Don’t start your journey with the grandiose (albeit ideal in my opinion) vision of a happy Primal family. As my mother used to say to us growing up, “You worry about you.” It’s your choice, your path. Would you travel down it knowing you weren’t going to be accompanied by your partner or other loved ones? Well, there you go. Be an example to your partner, but enjoy and own Primal living in its own right – not as a constant representation of the cause, so to speak.

To Each, A Pantry of One’s Own

It’s a similar sentiment to the old adage, “good fences make good neighbors.” A little space can sometimes be enough to keep you from feeling inundated by the alternative choices residing in your household. Claim a space for your stuff and make no apologies. As for shopping and spending, be prepared to sit down and have a practical negotiation with concrete, unimpassioned terms.

Gather the Support You Need

Your S.O. can’t provide for every need or play every role in your life. We all know this, but making/going through a significant transition in life sometimes clouds our judgment. You deserve respect, of course, but fill in the support you need with friends, other family members, online communities (wink), etc. Take the pressure off your relationship, and you’ll likely both feel freer and happier. It’s a funny thing: when you finally let an issue go, that’s when people can surprise you the most.

Research suggests that couples treat divergent dietary paths in much the same way as other conflicts or differences in their relationships. (I guess there’s cause for a potentially heartening – or unsettling – realization there.) It’s a question worth exploring. I obviously believe that going Primal is a good choice, but if your S.O.’s lack of conversion is nagging at you so dramatically that it’s undermining the fundamentals of your relationship, it might be time to examine the issue from a broader, deeper, or more emotional angle. (a.k.a. It’s never really about the toothpaste cap.)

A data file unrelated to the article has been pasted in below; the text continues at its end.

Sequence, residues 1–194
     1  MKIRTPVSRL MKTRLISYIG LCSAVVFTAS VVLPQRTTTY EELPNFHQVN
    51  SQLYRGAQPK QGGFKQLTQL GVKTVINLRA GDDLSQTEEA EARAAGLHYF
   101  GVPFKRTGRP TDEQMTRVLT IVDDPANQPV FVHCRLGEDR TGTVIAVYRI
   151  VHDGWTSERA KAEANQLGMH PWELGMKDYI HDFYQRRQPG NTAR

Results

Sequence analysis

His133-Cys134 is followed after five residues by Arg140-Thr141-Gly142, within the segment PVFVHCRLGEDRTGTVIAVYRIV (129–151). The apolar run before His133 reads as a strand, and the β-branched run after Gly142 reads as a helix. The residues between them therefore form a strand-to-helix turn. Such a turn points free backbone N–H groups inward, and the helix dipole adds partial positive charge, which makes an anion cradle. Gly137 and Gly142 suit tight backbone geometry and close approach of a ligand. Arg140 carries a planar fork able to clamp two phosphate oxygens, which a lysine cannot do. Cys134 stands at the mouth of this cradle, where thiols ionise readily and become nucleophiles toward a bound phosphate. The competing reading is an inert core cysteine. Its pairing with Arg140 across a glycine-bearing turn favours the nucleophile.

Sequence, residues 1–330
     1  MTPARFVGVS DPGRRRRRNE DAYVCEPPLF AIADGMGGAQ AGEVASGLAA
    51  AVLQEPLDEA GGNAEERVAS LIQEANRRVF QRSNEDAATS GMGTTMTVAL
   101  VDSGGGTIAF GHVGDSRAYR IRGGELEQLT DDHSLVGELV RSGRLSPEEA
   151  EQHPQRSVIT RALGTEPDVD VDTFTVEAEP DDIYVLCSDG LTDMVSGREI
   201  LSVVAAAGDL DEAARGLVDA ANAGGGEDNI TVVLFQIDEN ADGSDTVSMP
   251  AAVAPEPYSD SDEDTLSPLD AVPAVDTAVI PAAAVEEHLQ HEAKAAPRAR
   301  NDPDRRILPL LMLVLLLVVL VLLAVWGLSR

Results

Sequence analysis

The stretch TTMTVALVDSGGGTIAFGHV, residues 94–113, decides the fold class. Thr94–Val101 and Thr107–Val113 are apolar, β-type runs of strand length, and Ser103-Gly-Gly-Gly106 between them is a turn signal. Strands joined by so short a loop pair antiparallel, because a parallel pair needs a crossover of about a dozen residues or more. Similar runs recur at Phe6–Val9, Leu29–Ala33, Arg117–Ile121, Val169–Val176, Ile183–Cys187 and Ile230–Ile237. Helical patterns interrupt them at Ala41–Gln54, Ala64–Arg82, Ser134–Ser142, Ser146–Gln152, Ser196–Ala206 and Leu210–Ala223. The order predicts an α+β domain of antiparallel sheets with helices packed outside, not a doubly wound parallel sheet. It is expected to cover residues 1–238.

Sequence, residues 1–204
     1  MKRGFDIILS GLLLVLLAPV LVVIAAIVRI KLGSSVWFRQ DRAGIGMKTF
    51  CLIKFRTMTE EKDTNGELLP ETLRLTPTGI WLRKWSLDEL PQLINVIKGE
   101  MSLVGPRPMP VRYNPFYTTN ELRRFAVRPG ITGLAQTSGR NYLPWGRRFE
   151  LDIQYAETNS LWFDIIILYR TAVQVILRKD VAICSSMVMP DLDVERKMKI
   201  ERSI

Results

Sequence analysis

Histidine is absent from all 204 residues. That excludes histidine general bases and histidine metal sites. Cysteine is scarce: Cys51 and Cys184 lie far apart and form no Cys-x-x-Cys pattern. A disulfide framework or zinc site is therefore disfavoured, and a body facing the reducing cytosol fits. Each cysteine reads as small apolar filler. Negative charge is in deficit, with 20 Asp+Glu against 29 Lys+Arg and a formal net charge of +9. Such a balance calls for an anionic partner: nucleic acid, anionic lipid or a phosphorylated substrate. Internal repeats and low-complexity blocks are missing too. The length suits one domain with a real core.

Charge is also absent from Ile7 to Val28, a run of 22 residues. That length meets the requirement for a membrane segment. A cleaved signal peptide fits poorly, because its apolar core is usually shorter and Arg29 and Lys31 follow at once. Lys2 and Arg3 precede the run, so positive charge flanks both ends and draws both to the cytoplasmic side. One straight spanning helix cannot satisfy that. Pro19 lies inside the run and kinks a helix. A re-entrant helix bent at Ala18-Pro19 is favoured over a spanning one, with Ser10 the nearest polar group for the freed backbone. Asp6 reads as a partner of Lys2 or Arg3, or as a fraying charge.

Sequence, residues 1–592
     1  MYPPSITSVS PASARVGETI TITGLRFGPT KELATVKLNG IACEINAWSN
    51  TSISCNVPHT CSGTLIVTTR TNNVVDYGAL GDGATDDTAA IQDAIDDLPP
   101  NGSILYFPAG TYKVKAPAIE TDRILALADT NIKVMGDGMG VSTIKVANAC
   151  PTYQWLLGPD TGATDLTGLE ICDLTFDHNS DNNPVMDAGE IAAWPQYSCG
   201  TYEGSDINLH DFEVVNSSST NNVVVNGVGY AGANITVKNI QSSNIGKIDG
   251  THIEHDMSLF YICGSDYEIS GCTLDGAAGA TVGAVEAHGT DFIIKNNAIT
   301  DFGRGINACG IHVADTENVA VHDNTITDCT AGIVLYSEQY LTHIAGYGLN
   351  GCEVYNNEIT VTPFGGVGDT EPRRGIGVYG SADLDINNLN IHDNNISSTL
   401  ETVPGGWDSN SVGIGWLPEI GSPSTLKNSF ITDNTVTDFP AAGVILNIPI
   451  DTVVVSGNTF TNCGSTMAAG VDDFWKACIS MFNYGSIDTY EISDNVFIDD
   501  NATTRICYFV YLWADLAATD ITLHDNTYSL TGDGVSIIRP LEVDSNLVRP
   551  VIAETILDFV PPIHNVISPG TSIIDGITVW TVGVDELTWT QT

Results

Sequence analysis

That said, I think it’s fair to feel disappointed, even saddened, by a partner’s disinterest in maintaining his/her health. If you’re taking it upon yourself to stay in good shape and put life in your years (not to mention years in your life), you might wonder why the other person won’t hold up his/her end of the bargain. What exactly, then, is the understanding behind a relationship? I’m going to venture that it isn’t about being in lock-step at every turn, in every moment. Nonetheless, I think it is about explaining why you care. (Then there’s always the jaw-dropping, stunning example you set….) If you’re in it for the long haul, there’s time to grow together – or to realize that some commonalities just aren’t compulsory for lasting devotion and domestic harmony.

Readers, what say you? Are Groks and Korgs compatible? Have you found a way to peacefully coexist in the kitchen, or has going Primal changed the game with relationships for you? Is it ever a deal breaker? Share your thoughts, and thanks for reading today.

Prefer listening to reading? Get an audio recording of this blog post, and subscribe to the Primal Blueprint Podcast on iTunes for instant access to all past, present and future episodes here.

You want comments? We got comments:

Imagine you’re George Clooney. Take a moment to admire your grooming and wit. Okay, now imagine someone walks up to you and asks, “What’s your name?” You say, “I’m George Clooney.” Or maybe you say, “I’m the Clooninator!” You don’t say “I’m George of George Clooney Sells Movies Blog” and you certainly don’t say, “I’m Clooney Weight Loss Plan”. So while spam is technically meat, it ain’t anywhere near Primal. Please nickname yourself something your friends would call you.

  1. I wish there was a Primal Living dating website…. :/

    Christina wrote on November 20th, 2011